In contrast to all this, “Secret and Mask”, the longest piece on the CD, appears to have all the qualifications of a traditional jazz tune. Encompassing walking bass, ascending lip vibratos and with Taylor’s brushes used on cymbals, drum heads and rims, it opens up with an intermittent, buzzing pulse and ricocheting string sounds, as the percussionist creates squeals by rubbing his drum heads with a wet finger and Mazurek exhibits hushed, this-side-of-Miles horn lines. Finally the tune decelerates with bowed bass and clip-clop percussion.

If TIGERSMILK sometimes sounds Miles-Davis-like jazzy, there are times on LIKE-COPING that you may feel that the ghosts of guitarists Grant Green or Tal Farlow have entered the studio during many of the 12 tracks. This is especially apparent in the disc’s mid-section.

On “Onyx”, written by Parker, for example, slithering finger-picking guitar chords in the bass clef join with subtle drum brush accents, while the thumping bass appears before the theme is again reprised on six-string. As traditional sounding as anything you’d hear in a smoky jazz bar, Parker reprises the single-note head again and again until the fade. “Watusi” seems to be a throwback to those pseudo-primitive dance riffs of the early 1960s, with an Afro-Cuban beat and Parker’s crystal clear picking bringing the work of another Chicago guitar hero — George Freeman — to mind.

Lopes’ “Pinecone” is an understated swinger like “Onyx”, built around a shifting vamp carried on Parker’s top strings, which then shifts to a more legato sound as it expands with echoing grace notes. A four-note riff assembled by the guitarist forms the cubic basis of his tune entitled “Cubes”. Working in extensive guitar tremolo and single note embellishments, the speedy, slinky lines meet quiet bass plucks and Taylor’s understated brushwork.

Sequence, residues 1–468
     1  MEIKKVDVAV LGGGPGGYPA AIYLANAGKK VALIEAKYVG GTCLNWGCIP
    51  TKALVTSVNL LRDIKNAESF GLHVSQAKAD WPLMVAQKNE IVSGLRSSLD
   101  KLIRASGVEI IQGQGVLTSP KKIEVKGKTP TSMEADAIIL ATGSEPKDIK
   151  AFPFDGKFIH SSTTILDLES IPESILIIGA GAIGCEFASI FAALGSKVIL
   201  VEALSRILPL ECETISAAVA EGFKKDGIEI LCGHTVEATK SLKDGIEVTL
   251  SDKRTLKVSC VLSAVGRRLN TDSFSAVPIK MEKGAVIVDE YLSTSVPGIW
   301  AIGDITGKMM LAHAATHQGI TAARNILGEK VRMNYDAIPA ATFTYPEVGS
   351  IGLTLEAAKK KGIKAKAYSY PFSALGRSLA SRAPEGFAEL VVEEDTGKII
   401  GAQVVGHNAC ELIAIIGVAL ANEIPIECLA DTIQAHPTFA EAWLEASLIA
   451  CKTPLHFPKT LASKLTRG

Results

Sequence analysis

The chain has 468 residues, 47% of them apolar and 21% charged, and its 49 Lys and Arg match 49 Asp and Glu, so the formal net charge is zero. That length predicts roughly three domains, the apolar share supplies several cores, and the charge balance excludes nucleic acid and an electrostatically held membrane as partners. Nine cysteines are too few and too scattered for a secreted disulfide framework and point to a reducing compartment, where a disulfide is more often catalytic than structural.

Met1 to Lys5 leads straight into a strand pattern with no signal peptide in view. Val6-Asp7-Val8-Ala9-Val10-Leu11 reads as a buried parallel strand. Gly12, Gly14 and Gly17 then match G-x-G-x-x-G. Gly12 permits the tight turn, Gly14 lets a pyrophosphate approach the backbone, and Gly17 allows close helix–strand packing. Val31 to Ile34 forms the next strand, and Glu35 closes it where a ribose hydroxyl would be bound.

“Roundabout” written by the drummer, but featuring him on classical guitar and Lopes on flute, is an airy bossa nova advanced with percussive cowbell, while “Days Fly By”, a sweet Latinesque song Parker wrote for his daughter, moves through andante single note picking and gentle strumming that bookends a straightforward bass solo.

Even when the guitarist distorts his tone to whistle noises through his amp on one track, or brings out the Korg synthesizer on another, the pieces revert to jazzy, finger-snappers before they end.

Away from the Chicago Underground, Parker and his pals are easily able to prove he can turn out a mainstream jazz album. While Mazurek and his men show that there’s still plenty of musical terrain left to explore in the Windy City.

— Ken Waxman

Track Listing: Tigersmilk: 1. Frequency Location 2. Long to Win 3. The Soft Releases 4. Little Pleasures 5. Right on Agitate 6. There are Ghosts 7. Secret and Mask 8. Waiting on Ferrari 9. Long, Past Time

Personnel: Tigersmilk: Rob Mazurek (cornet, electronics); Jason Roebke (bass); Dylan van der Schyff (drums)

Track Listing: Like: 1.Mariam 2. Like-Coping 3. Days Fly By 4. Holiday for a Despot 5. Onyx 6. Watusi 7. Omega Sci Fi 8. Pinecone 9. Cubes 10. Plain Song 11. Scrambler 12. Roundabout

Personnel: Jeff Parker (guitar, synthesizer); Chris Lopes (bass, C flute); Chad Taylor (drums, vibraphone, classical guitar)